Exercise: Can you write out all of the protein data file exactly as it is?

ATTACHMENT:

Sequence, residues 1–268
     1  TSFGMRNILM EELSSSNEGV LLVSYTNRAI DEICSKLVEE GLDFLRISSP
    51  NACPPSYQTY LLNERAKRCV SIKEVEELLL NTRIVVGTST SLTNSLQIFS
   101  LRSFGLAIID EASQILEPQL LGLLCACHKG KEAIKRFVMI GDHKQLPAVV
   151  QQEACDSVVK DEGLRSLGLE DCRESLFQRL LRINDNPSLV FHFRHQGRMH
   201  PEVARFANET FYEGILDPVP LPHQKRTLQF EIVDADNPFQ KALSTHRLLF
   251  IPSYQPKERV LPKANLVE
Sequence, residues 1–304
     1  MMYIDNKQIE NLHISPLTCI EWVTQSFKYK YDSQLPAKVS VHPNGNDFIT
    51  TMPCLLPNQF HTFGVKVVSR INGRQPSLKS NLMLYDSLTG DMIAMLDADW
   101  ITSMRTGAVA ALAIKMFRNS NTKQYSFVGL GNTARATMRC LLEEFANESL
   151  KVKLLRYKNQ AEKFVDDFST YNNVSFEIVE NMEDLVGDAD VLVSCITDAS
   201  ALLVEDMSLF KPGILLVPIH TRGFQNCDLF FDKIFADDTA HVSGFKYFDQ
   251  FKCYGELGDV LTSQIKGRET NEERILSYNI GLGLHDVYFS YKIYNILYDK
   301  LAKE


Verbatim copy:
Sequence, residues 1–268
     1  TSFGMRNILM EELSSSNEGV LLVSYTNRAI DEICSKLVEE GLDFLRISSP
    51  NACPPSYQTY LLNERAKRCV SIKEVEELLL NTRIVVGTST SLTNSLQIFS
   101  LRSFGLAIID EASQILEPQL LGLLCACHKG KEAIKRFVMI GDHKQLPAVV
   151  QQEACDSVVK DEGLRSLGLE DCRESLFQRL LRINDNPSLV FHFRHQGRMH
   201  PEVARFANET FYEGILDPVP LPHQKRTLQF EIVDADNPFQ KALSTHRLLF
   251  IPSYQPKERV LPKANLVE
Sequence, residues 1–304
     1  MMYIDNKQIE NLHISPLTCI EWVTQSFKYK YDSQLPAKVS VHPNGNDFIT
    51  TMPCLLPNQF HTFGVKVVSR INGRQPSLKS NLMLYDSLTG DMIAMLDADW
   101  ITSMRTGAVA ALAIKMFRNS NTKQYSFVGL GNTARATMRC LLEEFANESL
   151  KVKLLRYKNQ AEKFVDDFST YNNVSFEIVE NMEDLVGDAD VLVSCITDAS
   201  ALLVEDMSLF KPGILLVPIH TRGFQNCDLF FDKIFADDTA HVSGFKYFDQ
   251  FKCYGELGDV LTSQIKGRET NEERILSYNI GLGLHDVYFS YKIYNILYDK
   301  LAKE